Marriage, divorce and annulment – Introduction: Definition of Tribunal

Barb Arland-Fye
The hoop barn on the Pieper Farm in Donnellson served as the setting for Mass on the Farm and Blessing of the Seeds April 15. Father Dan Dorau presided at the Mass. The four parishes he leads in Lee and Van Buren counties collaborated.

(Editor’s note: The Catholic Messenger begins a series on the Tribunal of the Diocese of Davenport. The following introduction provides a compelling explanation of the Tribunal, based on an interview with Father Paul Appel, the diocese’s judicial vicar.)

The Tribunal of the Diocese of Davenport exists to assist the bishop in deciding matters of law within the diocese. Canon 1420 §1 states: “Each diocesan bishop is bound to appoint a judicial vicar, or officialis, with ordinary power to judge, distinct from the vicar general.” Along with the judicial vicar, a number of other clergy and staff take care of everything from marriage cases to parish boundaries. Over the next few months, the tribunal staff will travel around the diocese to put on a presentation about the annulment process for those who are interested. It is our hope that through this process many people can find healing and closure after a divorce.

To understand the current annulment process, it might be helpful to understand better the state of marriage in the world and the change in people’s attitudes toward marriage. In previous generations, most people witnessed a much more “traditional” form of marriage in their families. That experience began changing in the 1960s and peoples’ lived experiences began leading to different attitudes about married life.

Under the 1917 Code of Canon Law, the purpose of marriage was simply for the procreation and education of offspring as well as a remedy for concupiscence (sexual desire). In the 1983 Code, the Church broadened the definition to include some new things. Canon 1055 §1 states: “The matrimonial covenant, by which a man and a woman establish between themselves a partnership of the whole of life and which is ordered by its nature to the good of the spouses and the procreation and education of offspring, has been raised by Christ the Lord to the dignity of a sacrament between the baptized.”


Many young people do not see having children as a priority in marriage; hence, the increasing rates of contraception and declining birth rates. Further, faith is playing a smaller role in many people’s lives. As a result, sharing a similar faith background is not considered an important factor during courtship. Finally, divorce has become commonplace in modern society and many young people have the attitude that “I will stay married forever unless the other person does something wrong or my feelings change.”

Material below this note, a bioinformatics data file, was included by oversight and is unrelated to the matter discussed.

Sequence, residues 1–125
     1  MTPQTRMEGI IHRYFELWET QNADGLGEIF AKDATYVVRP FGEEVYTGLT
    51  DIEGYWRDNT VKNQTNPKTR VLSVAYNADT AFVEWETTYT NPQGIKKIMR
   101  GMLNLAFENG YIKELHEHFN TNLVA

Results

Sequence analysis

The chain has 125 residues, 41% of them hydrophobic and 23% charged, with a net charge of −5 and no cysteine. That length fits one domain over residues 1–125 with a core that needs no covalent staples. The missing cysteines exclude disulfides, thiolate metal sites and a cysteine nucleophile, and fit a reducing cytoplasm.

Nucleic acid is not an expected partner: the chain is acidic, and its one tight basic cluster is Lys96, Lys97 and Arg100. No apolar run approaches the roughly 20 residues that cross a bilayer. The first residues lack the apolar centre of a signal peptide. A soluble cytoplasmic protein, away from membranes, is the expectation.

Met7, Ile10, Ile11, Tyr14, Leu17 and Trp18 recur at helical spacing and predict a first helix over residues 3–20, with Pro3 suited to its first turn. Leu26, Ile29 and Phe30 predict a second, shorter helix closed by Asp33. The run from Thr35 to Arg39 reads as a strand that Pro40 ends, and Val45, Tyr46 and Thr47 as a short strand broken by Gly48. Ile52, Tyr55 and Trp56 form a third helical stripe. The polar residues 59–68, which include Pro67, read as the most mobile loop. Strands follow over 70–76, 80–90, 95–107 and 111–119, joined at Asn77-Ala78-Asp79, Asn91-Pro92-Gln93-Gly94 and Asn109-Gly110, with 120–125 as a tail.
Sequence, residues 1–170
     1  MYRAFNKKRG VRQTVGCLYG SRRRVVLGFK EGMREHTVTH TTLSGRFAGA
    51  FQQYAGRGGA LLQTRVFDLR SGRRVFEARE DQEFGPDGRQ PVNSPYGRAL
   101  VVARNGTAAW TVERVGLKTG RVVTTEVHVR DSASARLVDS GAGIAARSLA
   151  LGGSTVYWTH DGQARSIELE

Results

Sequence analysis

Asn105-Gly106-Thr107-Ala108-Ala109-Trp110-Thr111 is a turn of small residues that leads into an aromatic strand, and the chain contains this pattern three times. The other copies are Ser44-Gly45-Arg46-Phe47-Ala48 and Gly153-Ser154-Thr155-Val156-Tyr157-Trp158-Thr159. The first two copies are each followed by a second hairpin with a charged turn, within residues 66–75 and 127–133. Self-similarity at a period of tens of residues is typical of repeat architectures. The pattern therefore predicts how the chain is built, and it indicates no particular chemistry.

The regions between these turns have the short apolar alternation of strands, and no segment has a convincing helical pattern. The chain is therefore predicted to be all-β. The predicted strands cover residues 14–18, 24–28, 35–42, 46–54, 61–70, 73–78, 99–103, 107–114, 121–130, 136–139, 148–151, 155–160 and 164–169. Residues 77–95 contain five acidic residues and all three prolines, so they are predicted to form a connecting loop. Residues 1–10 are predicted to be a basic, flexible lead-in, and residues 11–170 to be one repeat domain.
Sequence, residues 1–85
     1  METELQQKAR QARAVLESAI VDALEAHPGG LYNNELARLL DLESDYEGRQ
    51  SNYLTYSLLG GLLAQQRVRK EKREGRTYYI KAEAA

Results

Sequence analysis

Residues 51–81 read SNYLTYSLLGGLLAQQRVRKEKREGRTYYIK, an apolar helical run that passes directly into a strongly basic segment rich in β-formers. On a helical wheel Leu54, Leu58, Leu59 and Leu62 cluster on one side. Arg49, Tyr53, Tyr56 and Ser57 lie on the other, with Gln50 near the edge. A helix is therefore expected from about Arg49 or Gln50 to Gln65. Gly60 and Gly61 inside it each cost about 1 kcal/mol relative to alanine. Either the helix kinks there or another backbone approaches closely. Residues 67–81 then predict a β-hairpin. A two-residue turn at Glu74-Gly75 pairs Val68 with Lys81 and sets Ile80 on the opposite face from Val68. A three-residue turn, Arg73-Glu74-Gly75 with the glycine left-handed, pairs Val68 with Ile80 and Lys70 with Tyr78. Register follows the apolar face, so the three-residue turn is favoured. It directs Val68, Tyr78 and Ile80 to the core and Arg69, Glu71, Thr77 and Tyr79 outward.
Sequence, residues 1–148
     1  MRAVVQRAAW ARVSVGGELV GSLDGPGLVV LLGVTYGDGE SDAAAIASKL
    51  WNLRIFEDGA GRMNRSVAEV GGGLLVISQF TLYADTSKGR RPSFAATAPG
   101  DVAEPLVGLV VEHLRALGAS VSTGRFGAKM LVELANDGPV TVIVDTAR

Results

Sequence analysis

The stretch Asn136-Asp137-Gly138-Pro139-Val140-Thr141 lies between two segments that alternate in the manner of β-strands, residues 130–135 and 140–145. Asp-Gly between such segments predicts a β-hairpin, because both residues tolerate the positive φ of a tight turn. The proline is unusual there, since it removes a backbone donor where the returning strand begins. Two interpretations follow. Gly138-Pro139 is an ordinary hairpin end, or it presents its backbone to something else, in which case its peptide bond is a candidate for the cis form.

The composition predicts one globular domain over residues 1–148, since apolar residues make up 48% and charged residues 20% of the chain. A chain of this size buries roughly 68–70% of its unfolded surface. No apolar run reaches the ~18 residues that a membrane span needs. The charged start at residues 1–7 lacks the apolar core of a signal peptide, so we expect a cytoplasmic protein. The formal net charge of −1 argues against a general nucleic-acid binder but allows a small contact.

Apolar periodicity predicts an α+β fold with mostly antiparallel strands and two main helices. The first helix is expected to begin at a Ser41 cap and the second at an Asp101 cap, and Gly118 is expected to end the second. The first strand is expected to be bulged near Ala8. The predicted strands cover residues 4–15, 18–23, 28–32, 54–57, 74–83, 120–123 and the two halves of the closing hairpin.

I have served in the Tribunal for over a decade now, first as a student and then as the judicial vicar. In that time I have examined hundreds of failed marriages. Over time, it has been impossible to miss certain factors that keep appearing in the testimonies that we receive. The causes for divorce are often based on the factors mentioned above; differing values, religion, family upbringing, and the rearing of children. Most couples can overcome one of these issues, but when three or four are in place it becomes very difficult to live out a happy and successful married life. That is to say nothing of problems with mental illness, substance abuse and spousal violence.

It is imperative that young people are given both good examples of marriage and a realistic understanding of what it takes to stay married to the same person for one’s whole life. While feelings of love during courtship are exceedingly important, those feelings are not sufficient for the long haul. Married couples need to understand how to build a home together, raise children, share their faith, communicate honestly, turn away from sinful behaviors and support one another in all aspects of their lives. Successful marriages involve a lot of prayer, hard work and sacrifice.

The Church recognizes that marital relationships evolve with time and change along with the couple’s life experiences. Making a commitment to sticking together through these changes builds a marriage. Marriage has to be modeled and people need to be shown that what the Church teaches is worthwhile. Pope Francis recently spoke to the Tribunal in Rome and shared the following words on holy matrimony: “[The word ‘bond’] is sometimes looked upon with suspicion, as if it were an external imposition, a burden, a ‘tether’ in opposition to the authenticity and freedom of love.”

“If, on the other hand, the bond is understood precisely as a bond of love, then it is revealed as the core of marriage, as a divine gift that is the source of true freedom and which guards married life,” he said.

In our next article we will take a closer look at what happens when a marriage falls apart and how the annulment process begins.

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